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Judah's pleas to spare Benjamin included reference to Jacob's suffering Joseph's disappearance: My father said to us: "You know that [Rachel] bore me two sons. The first one [Joseph] went away from me and I said that he must have been torn into pieces. I have not seen him since…" So when he sees that the [second son, Benjamin] is not with us, he will die. (44:27-31).
The commentators wrestle with the obvious question throughout the story: why did Joseph, as viceroy of Egypt, not send a message home to say that he was safe?
The well-known answer is given by the Ramban: Joseph understood the dreams as a revelation to be fulfilled personally by him. The sun, moon, and the eleven stars - understood to be all his family, including his father - had to bow down to him. It was his divinely-dictated brief to make that happen.
However, the following might be suggested. Joseph did not wish to renew contact with his family as he believed that they had betrayed him. After hearing the dreams, Jacob "kept the matter to himself" (37:11). He had rebuked Joseph, but the matter did not end there. Joseph - his favorite son, of all people, had caused a serious disturbance in the family. Joseph believed that his father's sending him to Shechem to meet the brothers purposely put his life in danger. Indeed, it was through his father's instructions and his brothers' actions that he had nearly been killed, left for dead in a pit, and finally sold to desert tribes. Joseph believed that he had been rejected and cut out of the lives of his family, very much including his father. His father had made no effort to inquire about his whereabouts. He was unwanted, left for dead, and his new life in Egypt was a fresh start.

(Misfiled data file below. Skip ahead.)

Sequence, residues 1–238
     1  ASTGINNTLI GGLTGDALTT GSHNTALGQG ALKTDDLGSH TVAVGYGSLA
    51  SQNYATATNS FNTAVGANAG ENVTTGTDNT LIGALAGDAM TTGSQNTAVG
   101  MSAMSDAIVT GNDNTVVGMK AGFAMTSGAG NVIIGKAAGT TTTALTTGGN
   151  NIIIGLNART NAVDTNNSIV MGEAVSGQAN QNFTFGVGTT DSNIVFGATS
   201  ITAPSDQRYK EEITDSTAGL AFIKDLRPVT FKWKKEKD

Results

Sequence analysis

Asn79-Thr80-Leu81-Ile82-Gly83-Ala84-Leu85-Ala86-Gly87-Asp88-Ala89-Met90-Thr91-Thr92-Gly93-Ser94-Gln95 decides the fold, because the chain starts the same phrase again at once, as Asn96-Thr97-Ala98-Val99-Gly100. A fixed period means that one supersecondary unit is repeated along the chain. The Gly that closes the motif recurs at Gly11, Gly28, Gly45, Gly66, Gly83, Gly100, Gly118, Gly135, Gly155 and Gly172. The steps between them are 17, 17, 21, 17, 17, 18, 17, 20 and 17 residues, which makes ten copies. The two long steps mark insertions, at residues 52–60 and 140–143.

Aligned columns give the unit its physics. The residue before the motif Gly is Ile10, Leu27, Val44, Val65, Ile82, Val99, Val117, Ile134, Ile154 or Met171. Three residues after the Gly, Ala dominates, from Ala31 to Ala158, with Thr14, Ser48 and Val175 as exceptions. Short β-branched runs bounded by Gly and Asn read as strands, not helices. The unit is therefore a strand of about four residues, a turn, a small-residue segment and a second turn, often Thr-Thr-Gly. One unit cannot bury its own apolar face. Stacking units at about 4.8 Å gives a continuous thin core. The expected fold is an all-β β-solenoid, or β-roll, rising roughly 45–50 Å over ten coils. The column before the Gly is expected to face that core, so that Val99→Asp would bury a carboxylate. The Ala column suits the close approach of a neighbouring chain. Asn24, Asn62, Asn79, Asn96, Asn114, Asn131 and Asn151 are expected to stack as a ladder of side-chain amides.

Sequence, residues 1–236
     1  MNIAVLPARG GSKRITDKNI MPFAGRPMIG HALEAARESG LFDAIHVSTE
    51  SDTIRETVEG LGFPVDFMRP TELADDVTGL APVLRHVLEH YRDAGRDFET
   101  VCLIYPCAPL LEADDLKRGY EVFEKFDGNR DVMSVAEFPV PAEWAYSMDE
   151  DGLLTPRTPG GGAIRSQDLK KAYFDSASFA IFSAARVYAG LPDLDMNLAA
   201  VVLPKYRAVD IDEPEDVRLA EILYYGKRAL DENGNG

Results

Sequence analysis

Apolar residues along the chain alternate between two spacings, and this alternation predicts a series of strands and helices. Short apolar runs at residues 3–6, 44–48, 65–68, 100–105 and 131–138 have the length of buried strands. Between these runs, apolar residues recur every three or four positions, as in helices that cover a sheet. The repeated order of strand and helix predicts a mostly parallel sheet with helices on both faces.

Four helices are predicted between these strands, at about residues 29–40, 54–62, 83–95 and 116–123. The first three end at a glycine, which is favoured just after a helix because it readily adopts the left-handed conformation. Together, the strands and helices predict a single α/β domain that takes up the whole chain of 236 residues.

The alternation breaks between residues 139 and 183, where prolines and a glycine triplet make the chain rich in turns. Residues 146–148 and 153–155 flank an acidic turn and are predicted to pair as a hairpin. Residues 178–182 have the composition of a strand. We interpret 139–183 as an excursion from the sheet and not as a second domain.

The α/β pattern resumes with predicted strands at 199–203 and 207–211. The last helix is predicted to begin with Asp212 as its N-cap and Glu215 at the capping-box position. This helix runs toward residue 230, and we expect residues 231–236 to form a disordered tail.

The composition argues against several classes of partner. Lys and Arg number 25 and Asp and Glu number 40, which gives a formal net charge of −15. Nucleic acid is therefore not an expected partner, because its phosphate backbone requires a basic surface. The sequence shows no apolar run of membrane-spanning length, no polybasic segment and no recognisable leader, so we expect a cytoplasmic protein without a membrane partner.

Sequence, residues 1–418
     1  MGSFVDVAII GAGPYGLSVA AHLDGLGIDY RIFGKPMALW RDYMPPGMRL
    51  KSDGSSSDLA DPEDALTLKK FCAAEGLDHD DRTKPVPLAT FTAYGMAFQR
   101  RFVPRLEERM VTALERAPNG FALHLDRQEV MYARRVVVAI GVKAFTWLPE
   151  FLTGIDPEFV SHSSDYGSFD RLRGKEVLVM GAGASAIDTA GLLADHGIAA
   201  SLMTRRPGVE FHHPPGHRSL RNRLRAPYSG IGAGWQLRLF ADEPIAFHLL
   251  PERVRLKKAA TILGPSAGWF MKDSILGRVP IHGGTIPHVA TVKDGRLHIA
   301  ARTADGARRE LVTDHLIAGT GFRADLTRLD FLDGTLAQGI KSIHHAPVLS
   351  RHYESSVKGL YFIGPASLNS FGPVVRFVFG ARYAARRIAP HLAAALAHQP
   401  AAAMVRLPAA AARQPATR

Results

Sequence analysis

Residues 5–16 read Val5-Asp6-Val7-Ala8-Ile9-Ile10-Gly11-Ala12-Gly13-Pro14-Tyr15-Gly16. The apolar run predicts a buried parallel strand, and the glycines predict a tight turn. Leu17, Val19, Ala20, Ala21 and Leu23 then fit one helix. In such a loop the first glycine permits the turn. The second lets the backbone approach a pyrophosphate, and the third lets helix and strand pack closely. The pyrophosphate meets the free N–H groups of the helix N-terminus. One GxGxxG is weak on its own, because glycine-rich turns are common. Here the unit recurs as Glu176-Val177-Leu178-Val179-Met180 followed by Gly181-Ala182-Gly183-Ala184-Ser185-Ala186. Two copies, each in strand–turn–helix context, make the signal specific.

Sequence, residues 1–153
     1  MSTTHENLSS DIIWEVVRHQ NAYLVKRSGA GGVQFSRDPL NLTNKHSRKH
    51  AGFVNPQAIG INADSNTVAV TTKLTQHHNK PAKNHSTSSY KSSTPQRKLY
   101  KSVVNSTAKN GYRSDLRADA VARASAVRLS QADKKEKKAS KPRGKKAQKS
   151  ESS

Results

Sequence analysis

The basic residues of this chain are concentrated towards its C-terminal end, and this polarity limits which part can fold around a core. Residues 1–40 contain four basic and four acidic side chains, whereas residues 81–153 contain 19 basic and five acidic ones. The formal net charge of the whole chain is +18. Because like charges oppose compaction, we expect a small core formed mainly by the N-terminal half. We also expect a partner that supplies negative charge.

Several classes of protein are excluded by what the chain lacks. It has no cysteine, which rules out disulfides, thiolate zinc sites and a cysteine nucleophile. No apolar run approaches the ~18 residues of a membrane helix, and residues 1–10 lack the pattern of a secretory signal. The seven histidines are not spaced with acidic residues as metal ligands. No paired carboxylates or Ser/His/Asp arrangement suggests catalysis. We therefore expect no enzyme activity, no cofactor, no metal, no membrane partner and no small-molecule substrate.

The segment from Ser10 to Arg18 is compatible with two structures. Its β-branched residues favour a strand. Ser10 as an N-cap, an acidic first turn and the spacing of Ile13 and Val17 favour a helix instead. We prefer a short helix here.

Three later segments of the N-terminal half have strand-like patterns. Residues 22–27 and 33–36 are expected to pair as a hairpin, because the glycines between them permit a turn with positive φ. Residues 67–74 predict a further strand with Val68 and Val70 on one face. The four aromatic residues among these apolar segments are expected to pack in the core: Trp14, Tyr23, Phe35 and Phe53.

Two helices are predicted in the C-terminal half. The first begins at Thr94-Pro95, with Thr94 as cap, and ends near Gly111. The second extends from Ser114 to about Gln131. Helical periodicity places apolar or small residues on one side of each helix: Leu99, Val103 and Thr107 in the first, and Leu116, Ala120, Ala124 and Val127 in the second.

Thus he did not write to his father and his family as he believed they had sought to get rid of him.
Even though the brothers openly regretted the harshness involved in the sale (42:21), they did not verbally regret the actual sale. Only when Judah's impassioned plea included "he first one [Joseph] went away from me and I said that he must have been torn into pieces. I have not seen him since…" did Joseph understand that he had misjudged his father. He only then learnt of his father's grief over his death, and why he had made no effort to contact him. In short, it was only through a detail Judah's speech that he found out that he had tragically misjudged his father…
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Written by Jacob Solomon. Tel 02 673 7998. E-mail: firstname.lastname@example.org for any points you wish to raise and/or to join those that receive this Parasha sheet every week.
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